Twilight tour to highlight work at UGA’s organic farm
June 1, 2015Print
- J. Merritt Melancon
- Julia Gaskin
- Jessica Cudnik
Athens, Ga. - Organic and sustainable agriculture experts from the University of Georgia will host their fourth annual Organic Twilight Tour on Tuesday, June 23, from 6-8 p.m. at the University of Georgia College of Agricultural and Environmental Sciences' Durham Horticulture Farm, 1221 Hog Mountain Road, Watkinsville.
Admission is free, and a rain date has been set for June 24 from 6-8 p.m.
The open house is a chance for farmers and gardeners to learn about some of the newest research being conducted on the 90-acre farm, where the college's organic research plots are located. Researchers and students will give talks and describe demonstration plots where the latest organic cultivation practices are tested.
"The event is a wonderful way to visit with faculty and students working with organic production and to actually see their work. There isn't a set tour, so you can come and see what you want. Even if you've come before, there is always something new," said Julia Gaskin, the college's sustainable agriculture coordinator.
Past organic twilight tours have attracted more than 100 visitors to the Durham Horticulture Farm. This year's demonstration topics are listed below.
• Small farm and irrigation equipment: Learn about different types of equipment and irrigation used on UGA's organic production plots.
• High tunnels: High tunnels can help extend the growing season and improve the quality of many crops, but they aren't a panacea. Researchers will share their experiences with organic high tunnel production and answer questions about growing under plastic.
• Nitrogen from cover crops: Cover crops have many benefits, including providing nitrogen. Learn about UGA Extension's Nitrogen Availability Calculator (http://aesl.ces.uga.edu/mineralization/) that helps farmers know how much nitrogen is provided by different cover crops.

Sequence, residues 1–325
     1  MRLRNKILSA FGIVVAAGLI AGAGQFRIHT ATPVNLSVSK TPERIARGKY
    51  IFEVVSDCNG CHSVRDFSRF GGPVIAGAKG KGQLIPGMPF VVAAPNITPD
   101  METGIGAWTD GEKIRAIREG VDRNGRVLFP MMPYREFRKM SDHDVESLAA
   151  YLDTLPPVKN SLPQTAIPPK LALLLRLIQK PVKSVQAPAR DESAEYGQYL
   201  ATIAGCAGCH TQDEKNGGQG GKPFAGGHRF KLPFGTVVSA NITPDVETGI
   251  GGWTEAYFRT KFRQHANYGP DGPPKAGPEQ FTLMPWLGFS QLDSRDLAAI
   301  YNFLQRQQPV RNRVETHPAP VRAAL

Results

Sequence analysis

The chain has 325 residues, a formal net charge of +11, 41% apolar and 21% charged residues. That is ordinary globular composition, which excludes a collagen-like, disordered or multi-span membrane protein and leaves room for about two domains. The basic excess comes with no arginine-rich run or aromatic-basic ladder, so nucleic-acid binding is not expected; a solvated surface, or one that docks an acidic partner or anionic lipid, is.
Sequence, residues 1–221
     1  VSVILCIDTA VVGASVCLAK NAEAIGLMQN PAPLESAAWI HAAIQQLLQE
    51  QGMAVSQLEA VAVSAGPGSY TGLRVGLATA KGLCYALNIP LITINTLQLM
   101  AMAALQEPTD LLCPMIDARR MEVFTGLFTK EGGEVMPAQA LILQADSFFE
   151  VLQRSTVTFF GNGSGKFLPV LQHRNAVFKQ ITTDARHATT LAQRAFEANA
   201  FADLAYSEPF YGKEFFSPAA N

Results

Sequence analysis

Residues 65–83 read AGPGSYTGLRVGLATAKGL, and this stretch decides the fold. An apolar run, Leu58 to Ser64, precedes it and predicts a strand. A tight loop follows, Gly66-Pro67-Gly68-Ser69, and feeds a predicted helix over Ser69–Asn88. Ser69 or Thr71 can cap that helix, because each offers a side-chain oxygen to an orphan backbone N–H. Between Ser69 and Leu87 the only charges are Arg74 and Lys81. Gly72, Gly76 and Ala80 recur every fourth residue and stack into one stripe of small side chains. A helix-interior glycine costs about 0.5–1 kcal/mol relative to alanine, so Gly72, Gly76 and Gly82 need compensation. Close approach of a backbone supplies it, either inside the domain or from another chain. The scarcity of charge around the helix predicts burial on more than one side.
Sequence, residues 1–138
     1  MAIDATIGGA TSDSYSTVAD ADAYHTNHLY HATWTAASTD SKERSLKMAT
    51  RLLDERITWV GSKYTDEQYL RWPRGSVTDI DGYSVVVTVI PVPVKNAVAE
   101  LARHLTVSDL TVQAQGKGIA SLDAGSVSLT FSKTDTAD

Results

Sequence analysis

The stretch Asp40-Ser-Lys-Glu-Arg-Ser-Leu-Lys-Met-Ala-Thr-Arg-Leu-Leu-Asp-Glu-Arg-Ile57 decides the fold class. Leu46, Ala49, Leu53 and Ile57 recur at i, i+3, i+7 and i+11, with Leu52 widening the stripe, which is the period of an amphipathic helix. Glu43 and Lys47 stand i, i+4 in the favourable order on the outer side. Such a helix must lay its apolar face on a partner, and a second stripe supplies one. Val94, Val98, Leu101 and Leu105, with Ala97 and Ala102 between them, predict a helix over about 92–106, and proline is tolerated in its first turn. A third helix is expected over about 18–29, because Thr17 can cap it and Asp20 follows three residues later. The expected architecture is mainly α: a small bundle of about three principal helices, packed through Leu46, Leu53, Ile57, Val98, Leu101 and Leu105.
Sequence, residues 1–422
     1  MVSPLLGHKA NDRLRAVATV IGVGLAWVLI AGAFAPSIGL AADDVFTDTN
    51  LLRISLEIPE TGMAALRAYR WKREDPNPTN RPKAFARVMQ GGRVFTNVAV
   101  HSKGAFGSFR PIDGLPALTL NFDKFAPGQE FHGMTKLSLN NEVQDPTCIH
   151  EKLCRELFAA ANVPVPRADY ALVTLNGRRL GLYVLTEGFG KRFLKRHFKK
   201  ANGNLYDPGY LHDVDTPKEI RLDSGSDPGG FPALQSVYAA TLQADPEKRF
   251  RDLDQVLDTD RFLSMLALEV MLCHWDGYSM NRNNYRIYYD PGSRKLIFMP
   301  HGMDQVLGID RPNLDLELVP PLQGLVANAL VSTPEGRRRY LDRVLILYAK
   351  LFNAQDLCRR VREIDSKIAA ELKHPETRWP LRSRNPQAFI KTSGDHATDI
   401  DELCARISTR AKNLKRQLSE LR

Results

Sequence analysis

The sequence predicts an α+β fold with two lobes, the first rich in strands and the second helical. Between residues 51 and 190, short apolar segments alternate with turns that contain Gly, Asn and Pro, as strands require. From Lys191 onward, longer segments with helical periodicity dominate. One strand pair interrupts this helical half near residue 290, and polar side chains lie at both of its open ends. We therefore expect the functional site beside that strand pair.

• Watermelons: Georgia ranks third nationally in watermelon production. Researchers will discuss weed management and best practices for producing a healthy, profitable crop of organically grown watermelons.
• Winter squash disease trial: Growing winter squash in Georgia can be a challenge. Researchers are testing several heirloom and new varieties to see which performs best.
• Apple and muscadine management: Fruit experts from around Georgia will offer strategies for organic production from apple trees and muscadine vines.
• Sunn hemp variety trial: Sunn hemp is a summer legume cover crop that can provide up to 100 pounds of nitrogen per acre. UGA researchers are studying which varieties work best for small farms.
• Prepping for market: Good post-harvest handling practices extend shelf life and keep produce safe. UGA Extension specialists will offer practical strategies for keeping customers safe and satisfied.
The 2015 Organic Twilight Tour is sponsored by the UGA College of Agricultural and Environmental Sciences, Georgia Organics and Southern SARE (Sustainable Agriculture Research and Education).
For more information about sustainable agriculture from the UGA College of Agricultural and Environmental Sciences, see SustainAgGA.org. For more information about the tour, contact Gaskin at email@example.com or 706-542-1401 or Jessica Cudnik at firstname.lastname@example.org or 706-542-8084.